DETROIT -- Asbury Automotive Group Inc.’s restructuring effort in 2009 helped the company become more efficient and turn a profit even during the worst sales environment in more than 27 years, CEO Charles Oglesby said today.
Asbury today said it earned a $200,000 fourth-quarter profit, reversing a year-earlier loss, as new-vehicle sales recovered and cost cuts paid off. Asbury last year cut corporate staff, eliminated regional management and moved its headquarters to suburban Atlanta from New York.
“I think the sheer will of being able to recognize the things that we needed to do at the time, as well as having a longer-term vision and the staff pulling together as a team, is the way we were able to navigate our way through 2009,” Oglesby said.
Asbury’s net profit, worth about 1 cent per share, compared with a loss of $369.7 million or $11.66 per share during the fourth quarter in 2008. Oglesby said the company never thought it was in jeopardy -- even as U.S. auto sales plunged 21 percent in 2009 from 2008.
Revenue at Asbury rose 2 percent to $898.6 million.
For the year, Asbury posted net income of $13.4 million or 41 cents a share, compared with a loss of $343.7 million or $10.84 a share in 2008.
“As we look in hindsight, we didn’t know how we would end up. But we knew we would do well. We would survive,” Oglesby said. “And early in the year, many people did not have that same level of confidence in us.”
Standard & Poor’s reiterated its buy recommendation on Asbury, raising the company’s 2010 earnings-per-share estimate by 2 cents, to $1.07.
“We expect margins for the full year to benefit from rising industry sales,” S&P analyst Efraim Levy wrote in an e-mail report today. “We see cash flow used for debt reduction.”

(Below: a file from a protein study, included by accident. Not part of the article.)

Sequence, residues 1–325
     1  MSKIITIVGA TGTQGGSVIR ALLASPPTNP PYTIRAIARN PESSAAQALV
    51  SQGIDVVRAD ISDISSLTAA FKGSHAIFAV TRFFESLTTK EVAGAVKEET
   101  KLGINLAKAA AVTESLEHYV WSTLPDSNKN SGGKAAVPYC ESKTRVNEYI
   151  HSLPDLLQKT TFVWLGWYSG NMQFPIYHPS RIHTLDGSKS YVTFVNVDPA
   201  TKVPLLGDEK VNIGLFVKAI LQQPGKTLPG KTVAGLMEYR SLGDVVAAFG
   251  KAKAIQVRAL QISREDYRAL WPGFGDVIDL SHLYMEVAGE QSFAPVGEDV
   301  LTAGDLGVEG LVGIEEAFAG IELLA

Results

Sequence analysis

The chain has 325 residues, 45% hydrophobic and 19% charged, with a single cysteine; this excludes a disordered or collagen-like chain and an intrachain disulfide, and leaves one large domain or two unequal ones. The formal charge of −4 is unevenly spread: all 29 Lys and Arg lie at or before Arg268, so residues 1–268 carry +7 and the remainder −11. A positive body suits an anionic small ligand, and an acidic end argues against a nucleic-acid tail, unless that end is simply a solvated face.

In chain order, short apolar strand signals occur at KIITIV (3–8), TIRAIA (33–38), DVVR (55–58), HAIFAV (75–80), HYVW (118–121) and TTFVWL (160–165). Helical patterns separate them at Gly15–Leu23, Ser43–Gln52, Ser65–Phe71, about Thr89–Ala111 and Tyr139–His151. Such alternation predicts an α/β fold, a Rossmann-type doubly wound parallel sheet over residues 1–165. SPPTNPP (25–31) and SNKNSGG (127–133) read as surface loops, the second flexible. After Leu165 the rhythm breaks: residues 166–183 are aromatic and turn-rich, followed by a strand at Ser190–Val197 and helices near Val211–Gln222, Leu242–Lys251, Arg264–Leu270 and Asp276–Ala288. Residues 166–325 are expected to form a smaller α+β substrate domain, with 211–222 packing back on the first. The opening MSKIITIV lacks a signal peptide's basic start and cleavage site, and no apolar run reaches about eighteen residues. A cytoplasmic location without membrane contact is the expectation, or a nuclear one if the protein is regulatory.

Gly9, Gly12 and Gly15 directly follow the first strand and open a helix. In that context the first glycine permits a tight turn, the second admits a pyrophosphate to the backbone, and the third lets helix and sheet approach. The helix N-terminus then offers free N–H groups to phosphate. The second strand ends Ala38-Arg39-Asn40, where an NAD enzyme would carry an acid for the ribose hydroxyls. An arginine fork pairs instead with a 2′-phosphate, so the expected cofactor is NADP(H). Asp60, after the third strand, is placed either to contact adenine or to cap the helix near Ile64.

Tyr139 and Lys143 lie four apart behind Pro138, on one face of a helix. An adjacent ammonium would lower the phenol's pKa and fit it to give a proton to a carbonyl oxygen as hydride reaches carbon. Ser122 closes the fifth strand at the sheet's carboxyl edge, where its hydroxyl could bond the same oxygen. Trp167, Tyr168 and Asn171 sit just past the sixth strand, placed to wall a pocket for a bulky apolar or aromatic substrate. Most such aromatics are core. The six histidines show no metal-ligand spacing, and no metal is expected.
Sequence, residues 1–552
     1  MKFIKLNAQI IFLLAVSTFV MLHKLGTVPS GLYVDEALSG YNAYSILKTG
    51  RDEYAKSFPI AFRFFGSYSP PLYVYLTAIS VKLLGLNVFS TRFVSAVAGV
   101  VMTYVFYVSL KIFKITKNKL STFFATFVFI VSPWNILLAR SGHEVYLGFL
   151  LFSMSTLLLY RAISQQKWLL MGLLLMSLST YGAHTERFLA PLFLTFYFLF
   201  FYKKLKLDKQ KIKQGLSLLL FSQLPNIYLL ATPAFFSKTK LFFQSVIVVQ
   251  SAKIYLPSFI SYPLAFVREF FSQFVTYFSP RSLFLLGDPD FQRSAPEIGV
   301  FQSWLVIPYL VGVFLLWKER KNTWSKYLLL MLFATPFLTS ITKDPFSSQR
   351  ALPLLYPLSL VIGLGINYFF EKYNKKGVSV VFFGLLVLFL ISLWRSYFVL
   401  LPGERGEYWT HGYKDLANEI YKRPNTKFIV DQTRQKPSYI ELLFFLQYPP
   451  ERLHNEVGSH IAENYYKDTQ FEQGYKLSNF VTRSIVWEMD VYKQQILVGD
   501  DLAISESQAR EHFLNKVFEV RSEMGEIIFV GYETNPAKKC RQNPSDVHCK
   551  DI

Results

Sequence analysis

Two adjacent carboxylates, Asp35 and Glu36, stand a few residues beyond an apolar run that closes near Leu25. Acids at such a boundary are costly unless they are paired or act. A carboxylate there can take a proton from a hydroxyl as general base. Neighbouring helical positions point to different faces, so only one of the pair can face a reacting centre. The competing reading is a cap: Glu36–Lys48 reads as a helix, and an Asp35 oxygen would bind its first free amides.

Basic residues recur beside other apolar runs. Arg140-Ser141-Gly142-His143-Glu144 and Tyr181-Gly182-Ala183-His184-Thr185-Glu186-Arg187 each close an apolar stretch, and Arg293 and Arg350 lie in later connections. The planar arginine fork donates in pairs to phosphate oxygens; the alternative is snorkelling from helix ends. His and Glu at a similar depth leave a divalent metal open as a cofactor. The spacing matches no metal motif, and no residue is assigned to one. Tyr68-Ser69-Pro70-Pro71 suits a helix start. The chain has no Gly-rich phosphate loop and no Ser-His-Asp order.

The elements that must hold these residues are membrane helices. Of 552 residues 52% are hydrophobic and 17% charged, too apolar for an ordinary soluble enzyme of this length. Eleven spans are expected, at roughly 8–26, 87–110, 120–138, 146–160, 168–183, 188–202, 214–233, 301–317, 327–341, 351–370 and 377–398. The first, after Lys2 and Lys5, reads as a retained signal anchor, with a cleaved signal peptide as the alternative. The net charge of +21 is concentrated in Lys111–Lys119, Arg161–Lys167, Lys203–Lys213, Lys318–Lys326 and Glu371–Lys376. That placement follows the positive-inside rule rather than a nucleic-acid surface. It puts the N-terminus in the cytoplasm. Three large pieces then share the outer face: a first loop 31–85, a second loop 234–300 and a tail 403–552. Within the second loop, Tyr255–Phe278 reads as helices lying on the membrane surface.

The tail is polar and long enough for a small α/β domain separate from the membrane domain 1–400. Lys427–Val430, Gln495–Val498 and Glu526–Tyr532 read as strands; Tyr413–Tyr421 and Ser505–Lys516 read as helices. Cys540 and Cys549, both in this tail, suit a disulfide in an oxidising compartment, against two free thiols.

Asbury’s heavy-truck business continued to be affected by the economy, particularly in the home-building and construction industries. In the fourth quarter, revenues from new heavy trucks declined 33 percent compared with the same period in 2008. On a pretax basis, Asbury’s heavy-truck business lost $1.6 million in the fourth quarter, driven primarily by inventory losses.
Oglesby said the company likes its current portfolio, made up primarily of luxury and midline import vehicles. But Asbury will look to “opportunistically expand” to include Ford Motor Co. and Chevrolet dealerships.
“The consumer is showing confidence for both of those franchises right now,” Oglesby said.
Income from continuing operations totaled $5 million in the quarter or 15 cents per share, compared with a loss of $352.4 million or $11.12 per share in the fourth quarter of 2008. Analysts on average had expected Asbury to earn 16 cents per share, according to Thomson Reuters I/B/E/S.
Asbury shares finished the day up 1 percent, closing at $11.71 a share on average trading volume.
Asbury ranks No. 6 on the Automotive News list of the top 125 U.S. dealership groups, with sales of 83,822 vehicles to individuals in 2008. It has 81 stores.
Reuters contributed to this report.